Rugby charity gets a Royal seal of approval

Mark Pawsey MP has praised the great work of Rugby charity Futures Unlocked after they were awarded the Queen’s Voluntary Service Award and called on the Government to do more to help prisoners find work before they are released.

Mark’s comments came during Justice Questions in the House of Commons when he spoke about the award and the charity’s work at Moriarty’s Community Café in Rugby town centre. Futures Unlocked works with ex-offenders to help them re-adjust to life outside of prison, providing them with mentoring, advice and support to enable them to lead crime free lives. Thanks to them, only 35% of their clients reoffend, compared to the 49.7% national average.

Futures Unlocked has been honoured this year with the Queen’s Voluntary Service Award – the highest award which can be bestowed upon volunteer organisations. It recognises organisations which provide a service for local communities and which are run by volunteers.

In the House of Commons, Mark praised the work of Futures Unlocked and aske the Minister of State for Justice, Robert Buckland QC MP what more could be done to build on Futures Unlocked’s success. The Minister highlighted the work the Government is doing through the New Futures Network, which is working to reform prisons and broker partnerships with employers to provide opportunities before prisoners are released.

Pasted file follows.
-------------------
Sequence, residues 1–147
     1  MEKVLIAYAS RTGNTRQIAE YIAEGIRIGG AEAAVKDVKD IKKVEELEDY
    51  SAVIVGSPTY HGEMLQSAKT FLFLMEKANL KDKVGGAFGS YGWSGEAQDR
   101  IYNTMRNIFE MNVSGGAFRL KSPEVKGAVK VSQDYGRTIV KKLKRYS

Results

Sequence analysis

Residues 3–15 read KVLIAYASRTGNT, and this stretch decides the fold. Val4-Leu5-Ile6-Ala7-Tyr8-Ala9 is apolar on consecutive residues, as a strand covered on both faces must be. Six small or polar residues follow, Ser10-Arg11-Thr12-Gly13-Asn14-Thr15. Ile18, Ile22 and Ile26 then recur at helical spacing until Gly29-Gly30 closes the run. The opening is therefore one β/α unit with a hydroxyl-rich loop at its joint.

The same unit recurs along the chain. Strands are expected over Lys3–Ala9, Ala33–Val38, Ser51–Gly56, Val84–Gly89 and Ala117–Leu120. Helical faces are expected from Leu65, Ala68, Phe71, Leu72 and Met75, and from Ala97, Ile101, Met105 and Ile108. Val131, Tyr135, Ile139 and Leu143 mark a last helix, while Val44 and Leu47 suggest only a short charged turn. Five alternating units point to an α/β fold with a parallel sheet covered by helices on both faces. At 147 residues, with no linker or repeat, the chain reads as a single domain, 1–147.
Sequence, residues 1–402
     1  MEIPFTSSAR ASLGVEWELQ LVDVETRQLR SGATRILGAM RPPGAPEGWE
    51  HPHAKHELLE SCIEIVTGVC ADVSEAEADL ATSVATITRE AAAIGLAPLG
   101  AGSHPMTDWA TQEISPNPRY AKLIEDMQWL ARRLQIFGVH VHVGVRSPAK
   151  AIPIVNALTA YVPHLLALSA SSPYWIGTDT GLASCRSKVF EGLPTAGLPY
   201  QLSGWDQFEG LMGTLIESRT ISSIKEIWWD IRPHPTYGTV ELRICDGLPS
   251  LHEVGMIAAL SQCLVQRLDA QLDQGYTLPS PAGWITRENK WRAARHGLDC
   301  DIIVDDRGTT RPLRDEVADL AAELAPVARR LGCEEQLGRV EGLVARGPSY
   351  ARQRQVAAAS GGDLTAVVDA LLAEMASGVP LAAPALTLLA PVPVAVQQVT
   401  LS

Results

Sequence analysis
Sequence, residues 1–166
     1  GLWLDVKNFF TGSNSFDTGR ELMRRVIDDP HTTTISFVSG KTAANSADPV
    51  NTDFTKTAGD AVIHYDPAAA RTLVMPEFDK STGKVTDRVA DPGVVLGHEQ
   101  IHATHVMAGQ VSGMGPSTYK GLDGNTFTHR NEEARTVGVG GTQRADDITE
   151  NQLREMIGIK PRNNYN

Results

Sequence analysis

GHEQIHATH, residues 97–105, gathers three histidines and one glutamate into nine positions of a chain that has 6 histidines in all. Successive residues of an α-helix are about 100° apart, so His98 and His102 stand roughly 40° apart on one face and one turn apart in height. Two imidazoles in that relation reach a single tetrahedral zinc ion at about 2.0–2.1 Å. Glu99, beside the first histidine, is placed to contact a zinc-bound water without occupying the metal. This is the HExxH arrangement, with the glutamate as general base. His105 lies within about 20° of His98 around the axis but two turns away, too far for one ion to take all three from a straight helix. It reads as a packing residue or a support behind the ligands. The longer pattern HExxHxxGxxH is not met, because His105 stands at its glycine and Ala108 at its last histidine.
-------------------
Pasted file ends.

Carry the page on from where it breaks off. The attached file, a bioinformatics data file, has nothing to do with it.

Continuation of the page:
Speaking after Justice Questions, Mark said:

“Reducing re-offending rates is vital part of tackling crime and Futures Unlocked fully deserve their Queen’s Award for Voluntary Service. They not only massively reduce re-offending but also help rehabilitate former prisoners, helping them to re-join society.”

Mark continued:

“I’ve visited both Moriarty’s café and Futures Unlocked to see for myself how the work of their volunteers helps those leaving prison to find their feet again. I am really pleased that the Minister has congratulated Futures Unlocked for their work and it is good news that the new futures network will bring together employers, prison officials and the voluntary sector to try and continue to reduce re-offending.”